This species was first described in 1865 and is endemic to Kerala and south Karnataka in the southern area of India often referred to as the Malabar Coast. They are found in large schools in pools, streams, and rivers that are generally heavily vegetated and rocky, with water that is highly oxygenated.
Like many species, the denison barb has been referred to by several scientific names as well as a host of common names. Currently, the accepted scientific name for this species is Puntius denisonii. Prior scientific names include Barbus denisonii, Barbus denisonii, Crossocheilus denisonii, and Labeo denisonii.
This barb is an example of what can happen to a species that is wild-caught and suddenly becomes in high demand. After being named as one of the top new fish species by Aquarama, the international ornamental fish exhibition, this fish quickly became quite popular. Within a decade, well over half of all ornamental fish exports from India were denison barbs. Unfortunately, the result was a significant drop in wild populations due largely to overfishing.
Loss of natural habitat as the result of human pollution and deforestation has also contributed to the reduction of this species in the wild. Efforts have been made to counter this by instituting periods when collection is not allowed, as well as commercial breeding programs in Southeast Asia and Eastern Europe. However, this fish still remains endangered and is on the
Long and torpedo-shaped, it is easy to see why many call this the red lined torpedo barb. The silvery body of this fish is set off by a black line that runs the entire length of the body from snout to tail. This is contrasted by a brilliant red line that runs just above the black line, running from the nose through the eye and continuing to the midpoint of the body. The dorsal fin is also edged in bright red, while the caudal fin is striped with black and bright yellow stripes. Mature specimens are known to develop a greenish hue on the head.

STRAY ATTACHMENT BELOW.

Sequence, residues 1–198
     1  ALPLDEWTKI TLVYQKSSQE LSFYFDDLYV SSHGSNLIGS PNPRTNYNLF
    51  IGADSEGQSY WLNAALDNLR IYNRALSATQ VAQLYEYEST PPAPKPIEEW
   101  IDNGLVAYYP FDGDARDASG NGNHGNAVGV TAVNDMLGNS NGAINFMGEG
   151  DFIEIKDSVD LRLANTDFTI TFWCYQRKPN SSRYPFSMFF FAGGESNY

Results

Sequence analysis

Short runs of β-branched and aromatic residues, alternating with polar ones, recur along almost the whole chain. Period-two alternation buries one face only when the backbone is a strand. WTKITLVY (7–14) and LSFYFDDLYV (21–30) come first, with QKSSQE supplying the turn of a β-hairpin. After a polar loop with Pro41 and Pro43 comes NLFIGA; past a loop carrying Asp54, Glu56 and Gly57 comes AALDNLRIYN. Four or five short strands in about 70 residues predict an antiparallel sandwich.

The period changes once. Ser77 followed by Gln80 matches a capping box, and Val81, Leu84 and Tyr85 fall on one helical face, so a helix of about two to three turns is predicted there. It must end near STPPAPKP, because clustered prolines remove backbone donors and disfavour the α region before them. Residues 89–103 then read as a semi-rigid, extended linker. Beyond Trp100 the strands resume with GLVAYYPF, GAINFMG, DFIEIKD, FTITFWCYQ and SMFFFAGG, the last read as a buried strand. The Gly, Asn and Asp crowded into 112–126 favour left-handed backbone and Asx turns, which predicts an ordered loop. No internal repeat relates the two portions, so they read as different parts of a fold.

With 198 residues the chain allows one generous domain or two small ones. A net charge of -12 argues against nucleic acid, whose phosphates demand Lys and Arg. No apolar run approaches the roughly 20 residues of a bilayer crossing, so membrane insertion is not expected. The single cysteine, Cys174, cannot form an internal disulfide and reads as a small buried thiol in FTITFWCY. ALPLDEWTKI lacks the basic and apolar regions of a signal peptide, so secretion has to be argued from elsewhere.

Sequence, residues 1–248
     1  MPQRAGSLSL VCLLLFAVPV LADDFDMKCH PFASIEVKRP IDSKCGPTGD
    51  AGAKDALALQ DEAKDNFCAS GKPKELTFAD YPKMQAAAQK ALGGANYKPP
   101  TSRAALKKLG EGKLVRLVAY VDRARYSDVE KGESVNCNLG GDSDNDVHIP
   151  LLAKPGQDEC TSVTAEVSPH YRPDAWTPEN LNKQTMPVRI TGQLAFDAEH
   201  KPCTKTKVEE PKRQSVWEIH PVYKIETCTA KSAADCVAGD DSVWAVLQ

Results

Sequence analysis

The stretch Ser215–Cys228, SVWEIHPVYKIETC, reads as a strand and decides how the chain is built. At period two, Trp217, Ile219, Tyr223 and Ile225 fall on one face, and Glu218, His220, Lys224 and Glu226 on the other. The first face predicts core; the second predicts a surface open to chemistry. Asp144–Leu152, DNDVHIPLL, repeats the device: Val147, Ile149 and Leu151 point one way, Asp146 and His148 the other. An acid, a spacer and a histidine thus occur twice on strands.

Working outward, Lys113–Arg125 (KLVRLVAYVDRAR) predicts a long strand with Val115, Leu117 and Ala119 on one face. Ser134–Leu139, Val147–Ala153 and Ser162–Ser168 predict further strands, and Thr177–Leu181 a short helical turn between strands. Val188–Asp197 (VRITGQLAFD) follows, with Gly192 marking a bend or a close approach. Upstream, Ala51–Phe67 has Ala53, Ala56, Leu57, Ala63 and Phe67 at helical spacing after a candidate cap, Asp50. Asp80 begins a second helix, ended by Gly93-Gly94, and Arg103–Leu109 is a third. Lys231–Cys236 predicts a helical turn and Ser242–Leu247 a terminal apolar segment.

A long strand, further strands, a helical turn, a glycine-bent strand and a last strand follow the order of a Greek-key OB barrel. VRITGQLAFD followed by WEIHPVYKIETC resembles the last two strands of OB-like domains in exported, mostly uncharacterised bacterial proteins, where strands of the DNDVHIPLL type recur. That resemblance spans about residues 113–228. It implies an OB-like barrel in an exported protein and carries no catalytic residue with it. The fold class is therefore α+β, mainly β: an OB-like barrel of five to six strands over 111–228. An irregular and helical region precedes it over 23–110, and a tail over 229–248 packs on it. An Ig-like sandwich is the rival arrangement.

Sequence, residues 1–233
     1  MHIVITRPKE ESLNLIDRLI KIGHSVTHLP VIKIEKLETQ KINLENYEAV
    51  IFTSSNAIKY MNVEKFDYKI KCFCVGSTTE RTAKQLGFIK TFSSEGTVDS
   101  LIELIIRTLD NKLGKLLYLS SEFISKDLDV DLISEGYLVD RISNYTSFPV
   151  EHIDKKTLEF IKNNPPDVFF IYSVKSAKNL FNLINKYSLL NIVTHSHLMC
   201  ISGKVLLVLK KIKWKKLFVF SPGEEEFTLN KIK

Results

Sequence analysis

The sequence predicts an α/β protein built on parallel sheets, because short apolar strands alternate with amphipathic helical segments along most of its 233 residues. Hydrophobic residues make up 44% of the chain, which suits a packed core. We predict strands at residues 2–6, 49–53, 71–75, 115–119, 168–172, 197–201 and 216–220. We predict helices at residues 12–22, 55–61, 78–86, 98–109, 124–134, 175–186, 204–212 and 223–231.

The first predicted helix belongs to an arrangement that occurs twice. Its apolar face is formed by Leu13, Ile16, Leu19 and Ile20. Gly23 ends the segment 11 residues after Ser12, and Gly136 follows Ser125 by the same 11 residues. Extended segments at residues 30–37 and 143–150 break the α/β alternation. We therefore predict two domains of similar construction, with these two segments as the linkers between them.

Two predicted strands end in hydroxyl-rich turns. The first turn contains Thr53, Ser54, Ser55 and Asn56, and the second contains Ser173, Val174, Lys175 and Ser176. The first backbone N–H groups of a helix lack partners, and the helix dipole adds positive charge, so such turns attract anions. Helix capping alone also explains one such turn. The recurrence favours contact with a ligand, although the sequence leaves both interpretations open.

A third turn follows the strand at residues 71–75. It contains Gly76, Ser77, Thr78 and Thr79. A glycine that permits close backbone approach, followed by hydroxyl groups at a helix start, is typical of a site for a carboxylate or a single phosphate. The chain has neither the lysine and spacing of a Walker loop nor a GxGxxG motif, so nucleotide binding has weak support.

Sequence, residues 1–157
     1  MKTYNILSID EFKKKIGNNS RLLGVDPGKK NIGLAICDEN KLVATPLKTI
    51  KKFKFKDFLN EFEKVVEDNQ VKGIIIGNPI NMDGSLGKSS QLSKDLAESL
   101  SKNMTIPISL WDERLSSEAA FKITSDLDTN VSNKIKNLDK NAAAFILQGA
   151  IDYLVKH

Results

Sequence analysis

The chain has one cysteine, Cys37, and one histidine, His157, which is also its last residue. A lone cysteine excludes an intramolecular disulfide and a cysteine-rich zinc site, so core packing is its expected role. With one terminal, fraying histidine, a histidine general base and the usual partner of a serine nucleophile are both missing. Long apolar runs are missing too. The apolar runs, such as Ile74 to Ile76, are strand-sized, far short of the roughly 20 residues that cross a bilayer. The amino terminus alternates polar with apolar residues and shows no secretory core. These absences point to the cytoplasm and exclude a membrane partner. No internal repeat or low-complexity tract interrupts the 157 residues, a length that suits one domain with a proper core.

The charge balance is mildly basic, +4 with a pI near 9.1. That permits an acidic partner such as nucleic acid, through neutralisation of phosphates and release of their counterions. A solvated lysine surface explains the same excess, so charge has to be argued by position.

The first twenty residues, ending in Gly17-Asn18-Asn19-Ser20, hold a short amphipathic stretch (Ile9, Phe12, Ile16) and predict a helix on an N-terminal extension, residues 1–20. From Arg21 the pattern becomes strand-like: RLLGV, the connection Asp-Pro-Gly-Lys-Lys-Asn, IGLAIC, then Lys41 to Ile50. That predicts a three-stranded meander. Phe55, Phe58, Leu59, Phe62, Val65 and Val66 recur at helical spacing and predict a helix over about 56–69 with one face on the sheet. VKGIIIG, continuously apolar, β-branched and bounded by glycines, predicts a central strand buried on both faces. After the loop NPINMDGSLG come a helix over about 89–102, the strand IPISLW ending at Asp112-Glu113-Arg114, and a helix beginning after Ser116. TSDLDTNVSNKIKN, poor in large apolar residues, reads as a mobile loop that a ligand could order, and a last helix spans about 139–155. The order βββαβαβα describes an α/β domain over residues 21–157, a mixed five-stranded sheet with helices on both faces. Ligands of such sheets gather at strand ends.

Reaching an adult size of six inches, this species has a pair of barbels that help them locate prey. In recent years, a gold variant has been bred that has the red stripe but lacks the black stripe of the wild variety.
Denison barbs are generally peaceful, but when they are kept in less space than they require, they will aggressively compete with other species at feeding time. They are not fin-nippers, but care should be taken to keep them with species that are similar or larger in size.
They should be kept in schools, of a half dozen or more. As a result, they are best kept only in large tanks of 55 gallons at a minimum. Other barbs, danios, larger members of the tetra family, rainbow fish, and most cichlids are suitable tank mates. The key is to keep them in a school and provide them with plenty of space.
Because this species quickly grows to be quite large, they quickly outgrow even 55-gallon tanks. A sufficiently sized tank should have plenty of room for free swimming of some distance, as these are an active fish that needs to be on the move.
Some hiding places are also recommended; rock caves or driftwood can be used. can be problematic, as they may be uprooted by darting denison barbs. However, hardy species such as can be used, if well anchored.
This species is accustomed to high oxygen levels and pristine water. High levels of organic matter are not tolerated well, which means regular water changes and are key to keeping this species healthy. Some is necessary, which can be provided with a spray bar or Water temperatures can be lower than for other tropical freshwater fish; however sudden drops in temperature must be avoided.
Denison barbs are omnivorous and will accept many foods. For optimal health, they should be fed a wide variety including meaty foods as well as vegetable matter. Live foods will be readily accepted, including daphnia, , and shrimp. Algae, spirulina, and even fresh vegetables will also be readily accepted.
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